Activity Based Costing with Excel

Activity Based Costing with Excel: How to Use ABC for Excel for Activity-Based Cost Analysis

This ABC Video explains how to use for Excel to develop customized ABC analysis for your business. ABC for Excel allows business users to create their own ABC model with a few clicks. The video shows how to use the 3 major components of activity-based cost in your planning process – actually how to easily define your departments, activities and cost objects.

Before you watch the Activity Based Costing for Microsoft Excel video tutorial you need to understand the 3 important keys to creating ABC analysis:

1. ABC Departments

While in most cases these departments used by the ABC model will be equivalent to your company departments, in many cases you can use different departments for ABC.

How to know what departments to use?

As far as activity based cost modeling departments are pools or groups of similar or related activities. For example, your organization may not have an official marketing department but still your company performs many marketing activities such as promotion, advertising, branding, internet marketing, developing marketing materials, publishing white papers, hosting seminars, webinars or tradeshows…

Even without official business department you can group all these activities into a marketing department when you use ABC for Excel.

What is the point of the departments in ABC?

By grouping similar tasks, projects or simply activities you can easier allocate those costs to cost objects like products, services or customers. For example, some products will consume more promotion, selling and advertising or simply will have longer sales cycle which is important for activity based costing.

2. Activities

This component of ABC includes all activities which are used by your organization to create the products and services or simply create any type of value for the internal and external customers. The costs of each activity are allocated to the cost objects in order to measure the profitability at the net margin level.

3. Cost objects

The simplest way to understand cost objects is to think in a way of what you are trying to calculate measure and analyze with your ABC analysis and what ABC reports you need for your business case. This will change and depends on what information and cost analysis do you need. For example, individual products, customers and services can be used as cost objects.

When you need to calculate profitability and ABC / indirect costs per product you simply need to use your products as your cost objects. The ABC for Excel allows you to quickly create different ABC reports and analysis. ABC is among the rare strategies and tools for improving your profitability with your existing business model, existing customers and existing products and services.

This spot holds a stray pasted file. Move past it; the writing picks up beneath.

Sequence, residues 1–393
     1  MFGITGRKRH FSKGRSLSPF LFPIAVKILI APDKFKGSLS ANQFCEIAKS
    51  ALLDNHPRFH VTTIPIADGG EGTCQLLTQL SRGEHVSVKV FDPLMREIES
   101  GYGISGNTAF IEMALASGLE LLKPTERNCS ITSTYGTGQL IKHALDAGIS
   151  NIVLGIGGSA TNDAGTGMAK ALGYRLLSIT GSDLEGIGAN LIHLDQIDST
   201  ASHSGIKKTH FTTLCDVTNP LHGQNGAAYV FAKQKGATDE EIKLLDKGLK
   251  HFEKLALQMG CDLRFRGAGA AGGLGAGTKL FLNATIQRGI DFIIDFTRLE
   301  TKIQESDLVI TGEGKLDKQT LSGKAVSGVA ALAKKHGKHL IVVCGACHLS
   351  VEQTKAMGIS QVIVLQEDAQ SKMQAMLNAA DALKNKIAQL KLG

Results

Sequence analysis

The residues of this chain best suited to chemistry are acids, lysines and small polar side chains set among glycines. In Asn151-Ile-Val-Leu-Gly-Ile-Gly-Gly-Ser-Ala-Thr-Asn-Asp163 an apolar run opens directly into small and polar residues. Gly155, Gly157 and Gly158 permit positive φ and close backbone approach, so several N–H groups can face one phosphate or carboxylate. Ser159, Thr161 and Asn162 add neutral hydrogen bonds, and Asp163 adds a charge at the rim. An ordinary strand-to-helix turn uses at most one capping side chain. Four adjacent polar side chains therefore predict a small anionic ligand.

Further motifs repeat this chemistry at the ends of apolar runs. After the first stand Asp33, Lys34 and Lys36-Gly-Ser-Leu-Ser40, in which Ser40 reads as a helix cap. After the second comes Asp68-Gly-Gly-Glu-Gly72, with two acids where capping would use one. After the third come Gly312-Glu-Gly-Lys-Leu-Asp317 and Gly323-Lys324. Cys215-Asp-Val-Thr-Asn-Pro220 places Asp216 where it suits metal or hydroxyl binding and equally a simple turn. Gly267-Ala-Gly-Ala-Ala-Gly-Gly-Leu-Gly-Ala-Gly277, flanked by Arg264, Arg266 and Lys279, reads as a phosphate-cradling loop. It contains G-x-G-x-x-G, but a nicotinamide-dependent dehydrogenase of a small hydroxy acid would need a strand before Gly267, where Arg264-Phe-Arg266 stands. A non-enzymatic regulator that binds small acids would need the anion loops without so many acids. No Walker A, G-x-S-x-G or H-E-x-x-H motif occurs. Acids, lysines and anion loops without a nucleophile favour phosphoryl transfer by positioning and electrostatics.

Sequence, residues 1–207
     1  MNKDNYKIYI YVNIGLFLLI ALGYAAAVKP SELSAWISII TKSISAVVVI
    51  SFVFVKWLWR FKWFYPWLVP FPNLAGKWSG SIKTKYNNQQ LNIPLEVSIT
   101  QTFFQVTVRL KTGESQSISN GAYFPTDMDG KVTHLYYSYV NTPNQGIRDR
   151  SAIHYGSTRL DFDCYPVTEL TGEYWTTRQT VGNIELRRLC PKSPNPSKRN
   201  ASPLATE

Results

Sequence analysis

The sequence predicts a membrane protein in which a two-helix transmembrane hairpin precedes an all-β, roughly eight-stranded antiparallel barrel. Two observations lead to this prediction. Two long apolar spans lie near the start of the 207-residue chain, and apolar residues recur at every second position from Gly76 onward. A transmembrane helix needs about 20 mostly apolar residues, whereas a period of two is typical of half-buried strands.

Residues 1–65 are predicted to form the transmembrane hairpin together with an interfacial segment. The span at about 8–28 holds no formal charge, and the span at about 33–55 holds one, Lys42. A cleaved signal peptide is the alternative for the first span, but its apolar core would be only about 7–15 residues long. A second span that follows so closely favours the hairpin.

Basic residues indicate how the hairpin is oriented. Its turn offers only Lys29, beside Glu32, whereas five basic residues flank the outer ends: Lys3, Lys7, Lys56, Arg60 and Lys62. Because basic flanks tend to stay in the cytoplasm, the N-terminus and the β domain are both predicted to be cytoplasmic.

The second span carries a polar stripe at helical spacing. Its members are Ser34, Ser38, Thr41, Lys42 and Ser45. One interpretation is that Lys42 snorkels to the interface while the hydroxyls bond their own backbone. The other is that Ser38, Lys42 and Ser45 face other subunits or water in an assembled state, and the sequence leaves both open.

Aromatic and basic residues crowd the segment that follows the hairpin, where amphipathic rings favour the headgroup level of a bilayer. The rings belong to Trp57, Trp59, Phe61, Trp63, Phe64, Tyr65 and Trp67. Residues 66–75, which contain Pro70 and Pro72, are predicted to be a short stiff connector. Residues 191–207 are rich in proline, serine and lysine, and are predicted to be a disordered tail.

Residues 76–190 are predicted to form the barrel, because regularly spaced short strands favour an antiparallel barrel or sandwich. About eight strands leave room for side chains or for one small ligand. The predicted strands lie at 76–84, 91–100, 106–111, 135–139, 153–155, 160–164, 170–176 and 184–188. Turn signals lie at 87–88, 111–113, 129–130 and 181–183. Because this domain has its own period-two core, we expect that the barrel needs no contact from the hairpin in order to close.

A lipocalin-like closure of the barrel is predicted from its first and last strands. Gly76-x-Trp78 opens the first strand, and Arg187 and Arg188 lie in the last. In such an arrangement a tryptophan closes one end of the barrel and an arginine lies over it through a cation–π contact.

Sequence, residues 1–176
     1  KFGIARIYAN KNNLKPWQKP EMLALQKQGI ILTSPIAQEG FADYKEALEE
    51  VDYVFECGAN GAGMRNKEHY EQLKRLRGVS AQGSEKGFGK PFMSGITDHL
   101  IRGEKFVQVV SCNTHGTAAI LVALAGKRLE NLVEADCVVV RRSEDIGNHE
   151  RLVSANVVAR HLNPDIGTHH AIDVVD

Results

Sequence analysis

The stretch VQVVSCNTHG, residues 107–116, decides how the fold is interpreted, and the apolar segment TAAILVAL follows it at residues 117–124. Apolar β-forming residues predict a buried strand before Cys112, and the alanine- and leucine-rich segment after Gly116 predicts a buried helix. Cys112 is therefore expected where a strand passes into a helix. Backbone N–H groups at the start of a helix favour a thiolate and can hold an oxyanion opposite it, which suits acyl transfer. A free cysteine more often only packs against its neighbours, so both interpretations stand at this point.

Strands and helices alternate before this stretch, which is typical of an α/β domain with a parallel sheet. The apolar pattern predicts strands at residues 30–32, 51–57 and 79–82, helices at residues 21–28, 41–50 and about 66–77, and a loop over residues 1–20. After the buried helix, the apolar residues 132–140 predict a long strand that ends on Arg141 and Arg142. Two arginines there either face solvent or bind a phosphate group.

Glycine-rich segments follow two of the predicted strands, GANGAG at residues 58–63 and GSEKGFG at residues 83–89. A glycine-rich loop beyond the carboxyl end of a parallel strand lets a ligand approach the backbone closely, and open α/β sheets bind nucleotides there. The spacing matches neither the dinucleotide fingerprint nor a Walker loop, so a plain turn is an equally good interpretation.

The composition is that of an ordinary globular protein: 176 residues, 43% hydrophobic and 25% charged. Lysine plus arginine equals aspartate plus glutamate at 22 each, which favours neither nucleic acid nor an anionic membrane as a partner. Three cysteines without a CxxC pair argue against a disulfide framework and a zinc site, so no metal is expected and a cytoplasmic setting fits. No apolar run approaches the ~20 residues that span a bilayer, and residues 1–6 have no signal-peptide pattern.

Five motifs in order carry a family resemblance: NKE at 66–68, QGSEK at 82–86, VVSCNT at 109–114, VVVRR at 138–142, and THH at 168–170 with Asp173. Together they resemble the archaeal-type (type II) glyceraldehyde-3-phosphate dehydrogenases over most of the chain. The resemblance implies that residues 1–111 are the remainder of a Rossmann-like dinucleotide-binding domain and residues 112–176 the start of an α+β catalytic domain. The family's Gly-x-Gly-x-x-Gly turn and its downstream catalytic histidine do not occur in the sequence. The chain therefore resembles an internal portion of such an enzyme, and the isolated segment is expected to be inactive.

Simply by using ABC analysis you will identify areas of improvement in pricing, making better operational decisions, repositioning your products and services, focusing on the most profitable products or services and identifying your top customers based on the real profit not gross margins.

Organizations without ABC generally make pricing and operational decisions based on the gross margin percentage which is in many cases misleading. Products or services with high margins in many cases can make the least profit at the net profit level because they consume many resources compared to other products or they can even lose money.

The same is true for customers – some clients might bring a lot of revenue but they consume so many resources and time that the net profitability suffers. With ABC you can make the right pricing and operational decisions for your business.

The top 7 tips for better ABC modeling

1. When you design your ABC model you don’t need to think in terms / logic of your company structure but in terms of business process and activities used by your organization.

2. Follow the logic: business systems > business processes > business activities. Business systems and processes might be used as departments in ABC and each process will have more than one activity.

3. Activity based costing cost drivers are all activities that consume resources by your company.

4. Use simple logic when you so the cost allocation for your model. The entire point is to allocate in a logical way (in most cases based on estimates) your indirect costs to cost objects.

For example, rent should be allocated based on space consumption – if your warehouse takes 80% of the space you rent that means that 80% of the rent costs should be allocated to the warehouse department.

Another cases requires time driven ABC – for example if your customer service department spends 90% of the time handling returns this cost should be allocated to reflect the reality.

5. In some cases it is useful to outline your business processes by using flow charts and define the flow of activities from departments to activities and cost objects before you go into the cost allocation modeling.

6. The final step is allocating the activities to the outputs like customers or products. This should follow the same logic described above. Example: if 70% of sales activities (70% of your sales reps’ time) are spent on selling, cross-selling, serving and maintaining Customer A this should be allocated as well and calculate the net profit of this client.

7. Some ABC results will reveal potential for identifying idle capacity in various departments. ABC reporting helps you discover both operational issues and opportunities as well as sales and marketing areas for improvement.

For more on activity based costing models, tool and ABC for Excel product as well as using Excel for ABC analysis and business dashboard reporting click here

ABC References:

1. ABC for Excel Official Product Page by Mr Dashboard

2. Activity Based Cost Model for Business Users of Microsoft Excel